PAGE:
Peter Suderman, polymathic writer for Reason magazine, nominates Taxi Driver, “which helped define the Scorcese/De Niro partnership that continues to this day, and which gave us Jodi Foster (who was like 13, IIRC), and, of course, ‘You talkin’ to me?’ It also set the stage for the angry-white-young-man archetype that continues to be part of American political and cultural discourse. Travis Bickle got red pilled!”—which is, of course, a reference to The Matrix.
Christine Rosen, senior writer at Commentary, did such a great job, I will simply reprint her response in its entirety:
The Manchurian Candidate (1962): Kids these days hear a lot of rumors on social media about Vladimir Putin acting as Donald Trump’s puppet master, or conspiracy theories about nefarious plots to undermine American sovereignty. But if you haven’t seen The Manchurian Candidate (1962), you don’t really understand the extent to which fears about foreign infiltration gripped the imaginations of Americans during the Cold War— and how masterfully filmmakers exploited them for entertainment. You get the added thrill of watching Angela Lansbury (known to older generations as a the cuddly old lady who solved mystery capers on the TV series Murder, She Wrote) turn in one of the most diabolical portrayals of motherly ambition ever filmed.
Being There (1979): Peter Sellers and Shirley MacLaine star in this comedy about Chance the gardener, whose encounters with the Washington elite after a lifetime of isolation serve as a satire and warning about the vanities of the inside-the-Beltway elite. For anyone under the age of 30 who thinks becoming a Davos-attending, pontificating “thought-leader” is a good life goal, think of Chance wandering cluelessly through the halls of power saying things like “Spring is a time for planting” and being declared a genius for doing so. Make better choices!
And because I am a Gen X-er, I would be remiss if I didn’t include:
Election (1999):For every political pundit who complains that there aren’t enough female role models for all those little girls Elizabeth Warren had to break her pinky-promises to when she ended her presidential campaign, I give you: Tracy Flick. Hapless high school civics teacher Jim McAllister (Matthew Broderick) attempts to preserve a semblance of fair play during an election for student body president by secretly spiking the candidacy of the rapacious Tracy Flick (Reese Witherspoon). His plot spectacularly backfires, but not before giving Ms. Flick her first lesson in the cutthroat amorality required of the politically ambitious. Flick is more of an anti-hero than a role model, but she’s also a warning for those who assume (ahem, young people who have marinated in identity politics) that women with power will exercise it less ruthlessly than men.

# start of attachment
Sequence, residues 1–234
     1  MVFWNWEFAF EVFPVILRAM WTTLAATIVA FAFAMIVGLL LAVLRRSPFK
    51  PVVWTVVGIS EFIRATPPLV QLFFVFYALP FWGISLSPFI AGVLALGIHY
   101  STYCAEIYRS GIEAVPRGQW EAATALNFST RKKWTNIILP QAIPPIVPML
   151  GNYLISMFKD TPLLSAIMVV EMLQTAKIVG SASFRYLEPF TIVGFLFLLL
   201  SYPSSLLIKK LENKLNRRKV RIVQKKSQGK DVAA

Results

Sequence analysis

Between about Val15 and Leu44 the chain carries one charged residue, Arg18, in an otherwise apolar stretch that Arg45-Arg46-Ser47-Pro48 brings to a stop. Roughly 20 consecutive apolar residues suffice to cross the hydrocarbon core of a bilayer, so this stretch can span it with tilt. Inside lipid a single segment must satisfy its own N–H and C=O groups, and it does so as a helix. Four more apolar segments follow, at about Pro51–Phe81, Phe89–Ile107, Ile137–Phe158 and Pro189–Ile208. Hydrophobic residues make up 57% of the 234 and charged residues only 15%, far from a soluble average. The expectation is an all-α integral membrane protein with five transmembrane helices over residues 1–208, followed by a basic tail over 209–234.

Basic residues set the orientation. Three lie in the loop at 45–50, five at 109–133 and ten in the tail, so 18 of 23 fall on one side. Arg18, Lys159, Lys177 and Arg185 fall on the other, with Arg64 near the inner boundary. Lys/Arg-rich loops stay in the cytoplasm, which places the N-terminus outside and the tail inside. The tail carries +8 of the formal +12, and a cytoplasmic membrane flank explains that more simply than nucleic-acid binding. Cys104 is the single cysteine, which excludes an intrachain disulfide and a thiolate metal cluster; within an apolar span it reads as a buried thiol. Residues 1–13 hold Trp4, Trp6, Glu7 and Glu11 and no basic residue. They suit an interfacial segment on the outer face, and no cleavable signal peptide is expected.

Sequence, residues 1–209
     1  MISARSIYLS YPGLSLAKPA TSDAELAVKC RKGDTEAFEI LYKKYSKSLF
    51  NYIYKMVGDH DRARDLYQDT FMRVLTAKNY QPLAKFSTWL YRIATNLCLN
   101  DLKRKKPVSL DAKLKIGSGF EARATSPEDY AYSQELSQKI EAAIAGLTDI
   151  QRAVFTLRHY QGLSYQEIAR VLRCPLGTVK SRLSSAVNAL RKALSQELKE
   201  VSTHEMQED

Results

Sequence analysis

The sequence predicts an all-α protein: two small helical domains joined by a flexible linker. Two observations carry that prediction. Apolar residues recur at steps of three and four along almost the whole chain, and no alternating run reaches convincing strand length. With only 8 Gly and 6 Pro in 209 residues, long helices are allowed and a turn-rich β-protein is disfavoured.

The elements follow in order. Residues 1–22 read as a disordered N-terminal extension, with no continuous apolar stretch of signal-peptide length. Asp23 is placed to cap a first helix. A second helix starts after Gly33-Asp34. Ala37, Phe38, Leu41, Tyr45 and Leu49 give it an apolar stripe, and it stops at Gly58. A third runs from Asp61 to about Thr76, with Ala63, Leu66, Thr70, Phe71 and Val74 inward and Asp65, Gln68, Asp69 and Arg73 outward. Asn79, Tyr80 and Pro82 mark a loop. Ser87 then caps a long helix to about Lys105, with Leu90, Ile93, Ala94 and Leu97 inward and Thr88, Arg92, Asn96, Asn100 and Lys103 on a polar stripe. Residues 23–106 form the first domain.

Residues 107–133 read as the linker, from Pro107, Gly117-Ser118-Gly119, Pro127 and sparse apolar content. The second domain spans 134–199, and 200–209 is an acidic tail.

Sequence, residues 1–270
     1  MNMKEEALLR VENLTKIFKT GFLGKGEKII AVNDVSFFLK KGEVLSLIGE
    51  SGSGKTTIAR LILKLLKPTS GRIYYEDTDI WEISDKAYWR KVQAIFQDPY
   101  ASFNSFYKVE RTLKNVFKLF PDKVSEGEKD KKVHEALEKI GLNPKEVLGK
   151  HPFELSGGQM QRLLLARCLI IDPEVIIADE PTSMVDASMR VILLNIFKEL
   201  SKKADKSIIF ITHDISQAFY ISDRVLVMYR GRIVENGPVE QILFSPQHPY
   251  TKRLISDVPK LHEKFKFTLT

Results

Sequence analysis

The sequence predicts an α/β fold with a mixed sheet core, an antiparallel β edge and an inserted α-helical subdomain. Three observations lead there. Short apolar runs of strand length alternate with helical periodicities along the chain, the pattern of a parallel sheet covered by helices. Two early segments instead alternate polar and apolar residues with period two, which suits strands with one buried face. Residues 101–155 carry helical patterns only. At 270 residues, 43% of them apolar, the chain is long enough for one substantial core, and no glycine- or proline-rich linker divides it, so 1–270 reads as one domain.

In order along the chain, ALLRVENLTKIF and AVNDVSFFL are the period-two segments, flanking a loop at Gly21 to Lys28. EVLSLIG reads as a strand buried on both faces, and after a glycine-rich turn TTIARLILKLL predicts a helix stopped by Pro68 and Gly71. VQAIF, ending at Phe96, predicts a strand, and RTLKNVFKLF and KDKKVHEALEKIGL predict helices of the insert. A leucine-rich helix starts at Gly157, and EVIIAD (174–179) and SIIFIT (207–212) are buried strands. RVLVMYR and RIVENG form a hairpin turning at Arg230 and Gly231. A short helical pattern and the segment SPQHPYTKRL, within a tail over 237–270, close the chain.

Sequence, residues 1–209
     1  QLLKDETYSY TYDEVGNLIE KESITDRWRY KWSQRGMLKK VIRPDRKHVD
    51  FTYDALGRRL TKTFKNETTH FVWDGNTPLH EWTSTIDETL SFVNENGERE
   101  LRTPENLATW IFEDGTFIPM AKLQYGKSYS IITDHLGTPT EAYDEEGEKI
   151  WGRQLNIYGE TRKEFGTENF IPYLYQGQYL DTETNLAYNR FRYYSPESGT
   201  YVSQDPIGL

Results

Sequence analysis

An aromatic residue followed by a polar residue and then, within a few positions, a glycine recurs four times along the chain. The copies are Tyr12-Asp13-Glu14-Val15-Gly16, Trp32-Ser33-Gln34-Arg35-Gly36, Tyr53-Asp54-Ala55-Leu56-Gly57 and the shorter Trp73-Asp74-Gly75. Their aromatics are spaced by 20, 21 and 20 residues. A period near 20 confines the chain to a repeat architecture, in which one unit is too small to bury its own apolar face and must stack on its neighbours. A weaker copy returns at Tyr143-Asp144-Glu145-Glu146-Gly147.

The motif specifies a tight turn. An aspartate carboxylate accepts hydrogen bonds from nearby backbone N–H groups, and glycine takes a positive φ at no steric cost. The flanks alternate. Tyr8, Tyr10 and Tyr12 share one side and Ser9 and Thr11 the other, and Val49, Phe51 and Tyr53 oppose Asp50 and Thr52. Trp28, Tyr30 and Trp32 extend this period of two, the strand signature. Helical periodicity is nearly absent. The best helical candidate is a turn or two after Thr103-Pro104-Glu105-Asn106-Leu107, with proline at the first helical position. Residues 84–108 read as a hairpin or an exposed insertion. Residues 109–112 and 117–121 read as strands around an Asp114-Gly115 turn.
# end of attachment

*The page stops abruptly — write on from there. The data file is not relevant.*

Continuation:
Rob Long, co-founder of Ricochet, my co-host of the GLoP Culture podcast and a longtime Hollywood TV producer and writer, was equally diligent:
“A young person of my acquaintance once asked me if the old movie, “the one where the two women drive off the cliff and the end, you know?” was called Laverne & Shirley. At first, I assumed that he was attempting to destroy me, the way young people often do to older people who are in their way. But then I realized: He’s just dumb.
Okay, okay: not dumb. Let’s put it this way: He, like a lot of young people, are unfamiliar with the canon. So here, to avoid generational warfare, are some titles that younger people who are interested in America should be familiar with.”:
The In-Laws: The 1979 version, with Alan Arkin and Peter Falk. Written by Andrew Bergman and directed by Arthur Hiller. Not explicitly political—except for the third act, which takes place in a Central American dictatorship—but a comic masterpiece. Watch it and you will understand why people sometimes call out, “Serpentine!”
Best Years of Our Lives: 1946, written by Robert Sherwood and directed by William Wyler, with gorgeous photography by Gregg Toland. Maybe the greatest American movie ever—about war and peace, and social class and sacrifice. You want to know about America? This is the one.
The Manchurian Candidate: 1962, written by George Axelrod (from the novel by Richard Condon) and directed by John Frankenheimer. Starring Frank Sinatra (he used to be big) and Angela Lansbury (your grandparents used to love her show Murder, She Wrote) and it’s why sometimes people quote this line: “Raymond Shaw is the kindest, bravest, warmest, most wonderful human being I’ve ever known in my life,” with a faraway look in their eyes.
Fail Safe: 1964, written by Walter Bernstein and Peter George, from the novel by Eugene Burdick and Harvey Wheeler; directed by Sidney Lumet. Starring Henry Fonda, whose daughter is now really old and on a Netflix show you probably haven’t seen because it only has old people on it, Grace & Frankie.” The story is simple: We accidentally bomb the Soviets and have to decide how to make it up to them.